Short film is the almost ideal vehicle for comedy. Comedy is about the bit, the joke, the punchline. Comedy is about surreality and visual incongruity. It does not require elaborate narrative and it does not invite deeper consideration. Comedy careens in, makes you laugh, and trips on its way out the door. Even now, in a culture where short film is devalued as a medium, comedy still comes to us in this format. What is a sketch in a comedy program or funny video clip uploaded to YouTube but a short film, however unpolished?
But there was a time when short films were the norm, not the abberation. They weren’t short films, they were movies — as in they moved. When 12 to 20 minutes was the maximum run time a filmmaker had to work, comedy was the logical content option. And opt for it they did. This was hands down the Golden Age of Comedy Shorts.
Charlie Chaplin famously said: “All I need to make a comedy is a park, a policeman, and a pretty girl.” This is a true statement and speaks directly to why we still watch Chaplin, why we venerate Buster Keaton, why we laugh at Harold Lloyd. A man being chased by a cop in a park while wooing a pretty girl is a universal language. The comic potential is realized without lengthy explanation, without elaborate set up, and it is always funny.
The golden age of comedy shorts was brief. As the technical limitations of early filmmaking lifted, the narrative burdens of comedy increased. Movies were still silent, but they were longer. A park, a policeman, and a pretty girl wasn’t enough anymore. Some masters of the short form survived. Chaplin underpinned his comedy with a moving sentimental structure. Keaton stretched his sight gags into a dazzling and surreal universe. Lloyd charmed us all with his plucky can-do spirit and worked the jokes into elaborate boy-makes-good narratives. Others fell by the wayside and gave way to melodramatic epics.
Here’s a look at just a few of the highlights of the golden age of comedy shorts. These recommendations come with two disclaimers. There are hundreds of brilliant comedy shorts, and this selection is just a nosh at what is actually a smorgasboard. Two, most of these shorts are freely available online at YouTube or at the Internet Archive, however I would recommend seeing them on higher quality DVDs. They should all be available at your local DVD rental outlet.
Charlie Chaplin in The Rink, 1916
Chaplin’s park-cop-girl formula is transformed into roller rink-angry suitor-girl in The Rink. Chaplin plays a waiter in a fancy restaurant and he takes a roller skating break. The rest is 20 minutes of roller ballet history, with Chaplin demonstrating the kinetic grace that he will perfect in his feature films. The Rink also contains pretty much every gag Chaplin will ever use and demonstrates the varied ways in which a human being can fall down. It is also very, very funny.
Harold Lloyd in An Eastern Westerner, 1920
In the Chaplin-Keaton-Lloyd holy trinity of silent comedians, Lloyd gets my vote for funniest. With the “Glasses Guy” characters, Lloyd evokes an empathy in his feature films that the broader characters of Keaton and Chaplin just don’t elicit. But in An Eastern Westerner, that “Glasses Guy” isn’t quite in evidence yet. Lloyd plays a spoiled and privileged East Coast playboy who has stayed out shimmying all night one too many times for his frustrated father. As a punishment for his blase recklessness, Dad ships him off to his uncle’s ranch in the wild west. Because he’s working in the short form here, Lloyd relies on the short comedy mainstay of incongruity to dazzling comedic effect.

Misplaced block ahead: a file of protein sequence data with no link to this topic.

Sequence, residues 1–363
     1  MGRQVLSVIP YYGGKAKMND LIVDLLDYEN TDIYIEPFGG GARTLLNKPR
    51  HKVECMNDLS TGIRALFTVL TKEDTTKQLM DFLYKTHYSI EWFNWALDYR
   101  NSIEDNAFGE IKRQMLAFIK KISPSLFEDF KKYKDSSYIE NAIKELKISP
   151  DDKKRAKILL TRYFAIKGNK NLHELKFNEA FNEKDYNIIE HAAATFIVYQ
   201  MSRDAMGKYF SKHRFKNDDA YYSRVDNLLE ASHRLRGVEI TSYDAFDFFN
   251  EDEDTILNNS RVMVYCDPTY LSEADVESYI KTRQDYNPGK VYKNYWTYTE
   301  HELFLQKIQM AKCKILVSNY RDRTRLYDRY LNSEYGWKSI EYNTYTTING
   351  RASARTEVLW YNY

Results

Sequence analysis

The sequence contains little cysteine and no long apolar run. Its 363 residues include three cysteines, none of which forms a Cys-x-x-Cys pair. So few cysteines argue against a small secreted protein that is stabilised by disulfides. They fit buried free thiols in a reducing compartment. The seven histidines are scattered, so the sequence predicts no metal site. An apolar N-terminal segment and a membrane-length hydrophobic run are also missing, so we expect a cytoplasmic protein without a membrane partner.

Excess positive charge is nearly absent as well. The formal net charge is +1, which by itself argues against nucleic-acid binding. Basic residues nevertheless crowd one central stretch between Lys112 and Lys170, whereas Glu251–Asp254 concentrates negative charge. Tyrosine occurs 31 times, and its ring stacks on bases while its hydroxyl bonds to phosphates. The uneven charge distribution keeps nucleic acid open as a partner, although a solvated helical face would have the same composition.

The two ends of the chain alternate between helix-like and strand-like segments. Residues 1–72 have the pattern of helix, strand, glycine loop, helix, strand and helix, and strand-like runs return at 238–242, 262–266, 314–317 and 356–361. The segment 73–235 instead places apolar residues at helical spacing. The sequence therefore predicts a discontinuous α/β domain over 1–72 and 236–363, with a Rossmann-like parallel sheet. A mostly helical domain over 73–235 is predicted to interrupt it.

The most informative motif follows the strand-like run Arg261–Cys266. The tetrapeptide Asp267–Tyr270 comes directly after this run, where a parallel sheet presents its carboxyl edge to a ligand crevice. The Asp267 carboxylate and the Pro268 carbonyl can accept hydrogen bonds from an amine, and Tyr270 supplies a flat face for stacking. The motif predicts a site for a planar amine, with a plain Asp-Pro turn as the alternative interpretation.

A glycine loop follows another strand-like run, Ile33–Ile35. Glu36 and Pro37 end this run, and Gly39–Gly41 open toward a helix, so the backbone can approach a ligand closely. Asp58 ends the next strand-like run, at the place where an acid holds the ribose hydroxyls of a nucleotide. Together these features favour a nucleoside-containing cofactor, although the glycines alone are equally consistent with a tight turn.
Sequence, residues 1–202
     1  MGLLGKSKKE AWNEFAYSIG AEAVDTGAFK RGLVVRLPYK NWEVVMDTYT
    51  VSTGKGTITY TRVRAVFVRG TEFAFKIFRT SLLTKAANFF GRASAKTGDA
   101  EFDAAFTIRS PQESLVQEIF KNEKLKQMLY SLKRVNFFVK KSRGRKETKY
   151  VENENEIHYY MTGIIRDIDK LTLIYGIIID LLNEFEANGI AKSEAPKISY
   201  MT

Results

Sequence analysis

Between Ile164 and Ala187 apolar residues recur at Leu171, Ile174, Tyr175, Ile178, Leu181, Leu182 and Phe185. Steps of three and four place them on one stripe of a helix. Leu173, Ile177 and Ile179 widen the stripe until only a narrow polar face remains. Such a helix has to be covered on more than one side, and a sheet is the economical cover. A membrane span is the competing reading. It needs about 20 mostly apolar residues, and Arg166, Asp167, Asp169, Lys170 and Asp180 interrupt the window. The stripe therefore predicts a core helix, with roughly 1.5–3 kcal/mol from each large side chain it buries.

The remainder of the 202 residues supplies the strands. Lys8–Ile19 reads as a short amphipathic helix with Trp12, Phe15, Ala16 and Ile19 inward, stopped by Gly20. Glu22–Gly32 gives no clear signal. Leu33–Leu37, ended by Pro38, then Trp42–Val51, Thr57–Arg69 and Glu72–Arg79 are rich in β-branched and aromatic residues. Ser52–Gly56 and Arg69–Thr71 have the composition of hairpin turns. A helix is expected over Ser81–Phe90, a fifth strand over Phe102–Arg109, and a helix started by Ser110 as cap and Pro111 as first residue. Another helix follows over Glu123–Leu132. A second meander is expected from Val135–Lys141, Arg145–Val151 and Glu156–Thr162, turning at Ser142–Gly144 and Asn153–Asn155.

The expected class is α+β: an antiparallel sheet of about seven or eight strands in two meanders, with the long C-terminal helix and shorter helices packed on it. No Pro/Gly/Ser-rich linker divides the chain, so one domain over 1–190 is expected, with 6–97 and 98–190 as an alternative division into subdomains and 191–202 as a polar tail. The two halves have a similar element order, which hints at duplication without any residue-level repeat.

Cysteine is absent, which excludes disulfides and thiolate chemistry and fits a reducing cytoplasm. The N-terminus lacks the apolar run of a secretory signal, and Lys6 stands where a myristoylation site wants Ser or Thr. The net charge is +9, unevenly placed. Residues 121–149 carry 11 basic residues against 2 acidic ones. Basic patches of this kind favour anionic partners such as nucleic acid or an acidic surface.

Buster Keaton in The Haunted House, 1921
Keaton plays a bank clerk who stumbles into a “haunted house” occupied by a gang of counterfeiters. The movie famously includes a staircase that converts into a slide, serving as a prop in the fake haunting the criminals use to ward away busy bodies. That staircase is hilarious. But The Haunted House also includes a variation of familiar Keaton gag in which Buster dips his hand in a pot of glue while counting paper money. That situation spirals out of control right quick and the viewer finds himself through the rabbit hole with Keaton, in a slightly sideways universe where what should be logical only feeds the surreality. This is Buster Keaton poised on the brink of making some of the most enduring feature-length comedies to ever grace the screen.
Stan Laurel and Oliver Hardy in Should Married Men Go Home?, 1928
Laurel and Hardy may be the most loved comedy duo of all time. They made over 100 films together, most of them talkies and almost all of them gems of the early Classic Hollywood era. But before the talkies took root, Laurel and Hardy made a handful of silent two-reelers including Should Married Men Go Home? After really ticking off Mrs. Hardy, the boys head out to the golf course where they team with two lovely young ladies for a foursome. Short of change and temper, they get into scrapes on the links with a soda-jerk and a just plain jerk. For those familiar with talkie era Laurel and Hardy, the dynamic between Laurel and Hardy in a silent film will be fascinatingly different. But the real interest lies in the compare and contrast in how comedy works in a silent versus a talkie. Laurel and Hardy were rare exceptions who successfully made that transition. Many of the gags in Should Married Men Go Home? appear in their later sound films.
Stay tuned for TFS’ featured topic this month. We’ll be exploring short films of all genres and time periods, celebrating the upcoming Worldwide Short Film Festival and introducing you to some of the people who make it their business to give short films their due accolades.
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